Technological, demographic and socio-economic changes are transforming industry and creating a continual demand for new skills from tomorrow’s workforce. Educators, businesses and governments are creating programs and credentials designed to answer those needs.
For Jennifer Vandiver, a secondary science teacher at Collinwood High School in Wayne County, Tennessee, personalized learning is important for the development of educators and the students they teach.
“In many districts, teachers are provided the same professional development regardless of their subject area, grade level or personal goals,” Vandiver wrote in a blog for Digital Promise, a US nonprofit organization whose mission is to improve learning opportunities through technology and research. “The irony of this is that many of us educators have been successfully navigating the waters of personalized learning for our students, but haven’t been given the opportunity to transition that same approach to our own professional learning.”
Micro-credentials – short, focused, certified courses to develop individual skills – provided a path for Vandiver to achieve personalized learning. Having searched online for professional development opportunities, she joined the Tennessee Department of Education’s Micro-credential Pilot Program.
Micro-credentials provide an answer to the need for rapid reskilling, certified by digital badges that embed evidence of the skills each individual has mastered.
“Micro-credentials provide students with ways to learn, and to keep learning while they go out and apply what they’ve learned,” said Cali Morrison, assistant dean of the School of Continuing and Professional Studies at American Public University System (APUS). “Technology gives us the opportunity to tie evidence to the micro-credential, so employers can see what the students did to earn it. As a result, learners feel the micro-credential makes them more marketable, and we are seeing growing acceptance of these sub-degree credentials among employers.”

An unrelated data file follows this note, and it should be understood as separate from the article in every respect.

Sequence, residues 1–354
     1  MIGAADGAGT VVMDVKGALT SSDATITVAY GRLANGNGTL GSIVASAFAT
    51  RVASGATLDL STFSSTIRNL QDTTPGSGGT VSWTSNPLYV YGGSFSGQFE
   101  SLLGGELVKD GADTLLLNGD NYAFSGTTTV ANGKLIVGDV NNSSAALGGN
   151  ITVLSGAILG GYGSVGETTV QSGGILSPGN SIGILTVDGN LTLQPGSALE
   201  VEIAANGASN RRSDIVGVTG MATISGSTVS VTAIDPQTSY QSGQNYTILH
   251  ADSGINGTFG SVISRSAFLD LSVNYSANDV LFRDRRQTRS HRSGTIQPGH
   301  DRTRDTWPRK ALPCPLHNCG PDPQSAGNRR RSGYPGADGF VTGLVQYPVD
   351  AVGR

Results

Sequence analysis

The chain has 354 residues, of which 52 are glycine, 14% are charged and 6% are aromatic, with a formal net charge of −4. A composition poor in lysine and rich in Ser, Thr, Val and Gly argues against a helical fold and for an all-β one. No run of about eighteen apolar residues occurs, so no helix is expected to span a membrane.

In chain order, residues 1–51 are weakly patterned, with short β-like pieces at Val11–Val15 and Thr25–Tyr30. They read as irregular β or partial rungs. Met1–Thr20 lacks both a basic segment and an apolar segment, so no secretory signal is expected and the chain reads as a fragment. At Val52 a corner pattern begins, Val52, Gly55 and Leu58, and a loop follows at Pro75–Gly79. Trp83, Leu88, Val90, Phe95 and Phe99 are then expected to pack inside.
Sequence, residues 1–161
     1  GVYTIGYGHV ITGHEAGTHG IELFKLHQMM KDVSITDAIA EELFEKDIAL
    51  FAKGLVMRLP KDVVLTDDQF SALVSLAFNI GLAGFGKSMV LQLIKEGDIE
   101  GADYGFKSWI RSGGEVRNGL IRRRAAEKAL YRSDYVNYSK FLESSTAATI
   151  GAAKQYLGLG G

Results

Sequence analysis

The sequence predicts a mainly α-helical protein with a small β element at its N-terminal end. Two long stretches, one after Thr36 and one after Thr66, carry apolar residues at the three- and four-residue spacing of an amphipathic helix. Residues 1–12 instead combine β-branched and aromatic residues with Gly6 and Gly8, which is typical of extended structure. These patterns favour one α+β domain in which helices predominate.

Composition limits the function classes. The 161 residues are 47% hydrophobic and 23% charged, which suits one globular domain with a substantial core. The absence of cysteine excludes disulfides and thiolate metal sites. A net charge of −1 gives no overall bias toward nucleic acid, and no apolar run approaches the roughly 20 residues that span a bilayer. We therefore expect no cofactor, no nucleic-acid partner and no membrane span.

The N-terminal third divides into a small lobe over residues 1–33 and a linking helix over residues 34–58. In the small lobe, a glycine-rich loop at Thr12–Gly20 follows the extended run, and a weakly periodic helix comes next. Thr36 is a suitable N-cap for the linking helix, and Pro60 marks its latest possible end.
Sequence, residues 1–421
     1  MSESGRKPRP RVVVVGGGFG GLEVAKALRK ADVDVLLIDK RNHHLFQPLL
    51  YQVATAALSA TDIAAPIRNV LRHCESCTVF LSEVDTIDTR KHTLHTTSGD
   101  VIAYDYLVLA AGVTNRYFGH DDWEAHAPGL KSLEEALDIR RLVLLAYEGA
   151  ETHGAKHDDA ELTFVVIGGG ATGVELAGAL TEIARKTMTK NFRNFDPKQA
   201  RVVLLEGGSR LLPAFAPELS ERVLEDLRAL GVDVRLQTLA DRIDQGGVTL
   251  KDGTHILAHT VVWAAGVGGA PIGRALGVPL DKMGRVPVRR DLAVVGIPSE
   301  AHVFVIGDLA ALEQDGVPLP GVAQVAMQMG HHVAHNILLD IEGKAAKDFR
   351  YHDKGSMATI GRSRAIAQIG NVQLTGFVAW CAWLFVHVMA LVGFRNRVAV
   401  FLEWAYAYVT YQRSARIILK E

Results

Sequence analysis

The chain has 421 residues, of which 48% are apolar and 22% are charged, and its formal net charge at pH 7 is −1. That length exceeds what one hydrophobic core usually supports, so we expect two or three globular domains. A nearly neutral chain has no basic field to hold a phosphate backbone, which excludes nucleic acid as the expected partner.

Micro-credentials play a key role in enabling workers to build stacks of skills that meet the changing needs of industry. Businesses and educators are embracing this flexible and focused learning. As momentum builds, more widespread recognition is sure to follow.
“We need recognition that there is value in all types of post-secondary education, whether it’s vocational, academic or practical,” Morrison said. “Stackable credentials are what’s next. They will reduce the traditional dependence on credit hours, enabling learning in smaller chunks that can add up to something much bigger.”
Editor’s Note: This is an excerpt from an article written by Jacqui Griffiths that first appeared in Dassault Systemes’ Compass Magazine. To read the entire article, click here.